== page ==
However at the moment, with short term interest rates at zero this “spread” is almost zero to. So for custodian banks the “float” part of the business is at its worst point in the cycle. KAS Bank (as many others) even took this further in investing part of the float into a security portfolio which at times can produce some mtm changes as we all know.
Looking at the pure “net interest result” without derivatives we can clearly see that KAS Bank could generate even in 2008 around 30 mn net interest result whereas in 2011 this amount dropped to 20 mn EUR pre tax.
Net commission income at the moment is around ~70 mn EUR this used to be ~90 mn EUR p.a. in the good days.
So we can see that both pillars are at the moment at a depressed status. Another interesting aspect is that custodians scale quite well. More transactions do not require a lot of more expenses if the infrastructure is in place. So if business (and interest rates) pick up profits will increase over proportionally.
Custodian business in principle is a kind of “commodity” business. However there are some significant switching costs associated with changing custodians especially with more complex institutions like pension funds and insurance companies.
Within total costs for managing financial assets custodian fees are a relatively small cost block however in the overall process the custodian is very important.
So many institutions will think twice before changing an existing custodian relationship because any cost advantage will not be very big compared to the potential hassle.
I would call this a “weak” moat.
KAS Bank doesn’t issue quarterly reports only short “trading updates”. The Q1 update was Ok in line with 2011. However they mention a special positive effect of 4 mn EUR:
The half year report is scheduled for end of August in a couple of days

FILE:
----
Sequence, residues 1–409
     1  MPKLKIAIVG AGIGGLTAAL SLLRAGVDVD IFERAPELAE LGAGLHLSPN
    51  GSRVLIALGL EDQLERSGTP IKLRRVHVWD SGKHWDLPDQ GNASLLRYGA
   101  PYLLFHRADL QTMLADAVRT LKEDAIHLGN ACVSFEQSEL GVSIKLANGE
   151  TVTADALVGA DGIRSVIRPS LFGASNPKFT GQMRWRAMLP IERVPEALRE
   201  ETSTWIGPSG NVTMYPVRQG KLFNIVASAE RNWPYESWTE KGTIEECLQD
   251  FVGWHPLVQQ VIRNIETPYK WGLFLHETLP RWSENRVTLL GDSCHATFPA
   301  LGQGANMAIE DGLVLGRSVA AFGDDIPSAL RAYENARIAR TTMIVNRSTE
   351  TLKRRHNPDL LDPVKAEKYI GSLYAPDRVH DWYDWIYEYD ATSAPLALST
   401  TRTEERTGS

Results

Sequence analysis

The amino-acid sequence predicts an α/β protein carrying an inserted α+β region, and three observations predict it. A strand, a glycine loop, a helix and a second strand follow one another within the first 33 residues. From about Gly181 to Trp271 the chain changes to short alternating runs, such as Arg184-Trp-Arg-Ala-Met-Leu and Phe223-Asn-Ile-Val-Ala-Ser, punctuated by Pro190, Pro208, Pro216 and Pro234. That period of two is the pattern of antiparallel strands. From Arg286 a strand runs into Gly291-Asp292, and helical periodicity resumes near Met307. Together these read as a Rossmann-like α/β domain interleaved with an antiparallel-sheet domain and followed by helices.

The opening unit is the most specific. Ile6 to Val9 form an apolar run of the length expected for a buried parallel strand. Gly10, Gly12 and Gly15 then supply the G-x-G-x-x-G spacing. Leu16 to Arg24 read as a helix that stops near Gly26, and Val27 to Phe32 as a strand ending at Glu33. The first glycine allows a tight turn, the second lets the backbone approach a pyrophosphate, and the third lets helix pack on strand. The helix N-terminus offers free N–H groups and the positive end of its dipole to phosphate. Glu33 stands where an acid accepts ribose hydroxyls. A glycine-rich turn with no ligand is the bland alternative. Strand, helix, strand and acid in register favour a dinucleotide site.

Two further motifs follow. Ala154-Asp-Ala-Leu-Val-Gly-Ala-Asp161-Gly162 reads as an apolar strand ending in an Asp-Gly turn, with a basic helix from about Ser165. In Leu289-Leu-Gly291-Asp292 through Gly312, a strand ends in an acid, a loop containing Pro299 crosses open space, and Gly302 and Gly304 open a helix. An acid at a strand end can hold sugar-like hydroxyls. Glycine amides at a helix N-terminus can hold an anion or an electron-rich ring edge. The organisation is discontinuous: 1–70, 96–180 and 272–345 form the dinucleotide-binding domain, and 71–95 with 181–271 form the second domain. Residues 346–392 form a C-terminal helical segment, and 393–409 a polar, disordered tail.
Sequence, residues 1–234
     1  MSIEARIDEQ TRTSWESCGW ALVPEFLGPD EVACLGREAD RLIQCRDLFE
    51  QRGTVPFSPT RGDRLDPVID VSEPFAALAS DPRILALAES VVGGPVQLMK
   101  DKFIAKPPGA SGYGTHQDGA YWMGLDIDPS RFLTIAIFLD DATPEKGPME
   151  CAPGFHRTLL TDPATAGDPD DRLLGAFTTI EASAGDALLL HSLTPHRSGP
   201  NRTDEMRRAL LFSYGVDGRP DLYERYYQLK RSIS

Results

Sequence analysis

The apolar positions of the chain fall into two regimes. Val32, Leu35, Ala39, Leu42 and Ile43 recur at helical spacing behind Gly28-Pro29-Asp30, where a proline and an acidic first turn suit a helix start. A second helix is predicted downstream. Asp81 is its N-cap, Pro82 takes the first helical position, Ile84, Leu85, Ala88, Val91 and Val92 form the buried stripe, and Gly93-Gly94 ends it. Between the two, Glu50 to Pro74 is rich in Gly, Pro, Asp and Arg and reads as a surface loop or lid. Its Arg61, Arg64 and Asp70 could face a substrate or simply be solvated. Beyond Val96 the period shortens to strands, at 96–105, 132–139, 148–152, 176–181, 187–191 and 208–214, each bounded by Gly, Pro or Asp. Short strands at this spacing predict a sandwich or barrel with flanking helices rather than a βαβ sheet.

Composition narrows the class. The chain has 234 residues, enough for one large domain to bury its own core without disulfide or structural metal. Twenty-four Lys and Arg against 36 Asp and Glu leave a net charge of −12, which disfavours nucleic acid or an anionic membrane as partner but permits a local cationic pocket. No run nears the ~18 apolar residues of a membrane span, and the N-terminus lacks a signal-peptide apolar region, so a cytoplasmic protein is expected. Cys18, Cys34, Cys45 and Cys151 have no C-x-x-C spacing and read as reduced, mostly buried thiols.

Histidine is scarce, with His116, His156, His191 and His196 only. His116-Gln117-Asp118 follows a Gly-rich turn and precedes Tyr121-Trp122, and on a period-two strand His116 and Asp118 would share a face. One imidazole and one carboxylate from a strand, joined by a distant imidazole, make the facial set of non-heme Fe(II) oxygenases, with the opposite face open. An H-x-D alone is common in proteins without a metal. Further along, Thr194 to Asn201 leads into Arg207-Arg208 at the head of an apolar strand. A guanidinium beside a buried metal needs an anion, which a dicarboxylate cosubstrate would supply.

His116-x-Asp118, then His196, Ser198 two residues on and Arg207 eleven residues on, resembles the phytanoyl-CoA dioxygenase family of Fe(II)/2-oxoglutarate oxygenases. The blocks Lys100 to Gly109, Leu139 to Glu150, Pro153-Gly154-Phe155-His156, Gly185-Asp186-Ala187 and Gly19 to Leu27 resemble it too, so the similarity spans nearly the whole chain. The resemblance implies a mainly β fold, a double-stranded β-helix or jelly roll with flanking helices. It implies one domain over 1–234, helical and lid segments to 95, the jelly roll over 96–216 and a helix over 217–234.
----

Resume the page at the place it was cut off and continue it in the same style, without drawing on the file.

Non-operating result in Q1 2012 comes to €2.0 million and is chiefly attributable to the revaluation of a number of perpetual loans from banks. The proceeds of the planned sale of the shareholding in LCH.Clearnet will contribute €4.3 million net to the result in 2012.
So this seems to be a realization of a “Hidden asset”.
The stated dividend policy seems to be quite shareholder friendly:
In accordance with the dividend policy discussed with the General Meeting of Shareholders, our target is to distribute 60-80% of the net result, where the profit permits and unless prevented by exceptional circumstances.
Interestingly KAS Bank does not have a dominating shareholder. LArge shareholders according to the annual reports are:
The following institutions have given notification of holdings of 5% or more in KAS BANK pursuant to the Financial Supervision Act and the Decree on Disclosure of Control and Major Holdings in Listed Companies.
– Delta Lloyd N.V. 12.2%
– APG Algemene Pensioen Groep N.V. 8.8%
– Delta Deelnemingen Fonds N.V. 8.6%
– ING Groep N.V. 7.9%
– All Capital Holding B.V. 5.3%
– KAS BANK N.V. 5.1%
Historically ING held more than double the current amount and sold down half of their stake in 2007 and 2008.
Some smaller positions are held by funds the only known value investor is Sparinvest with a 0.17% share. However the seem to have a “Poison Pill” in place for unfriendly take overs. So this limits any take over (and short term catalyst) “fantasies to a certain extent.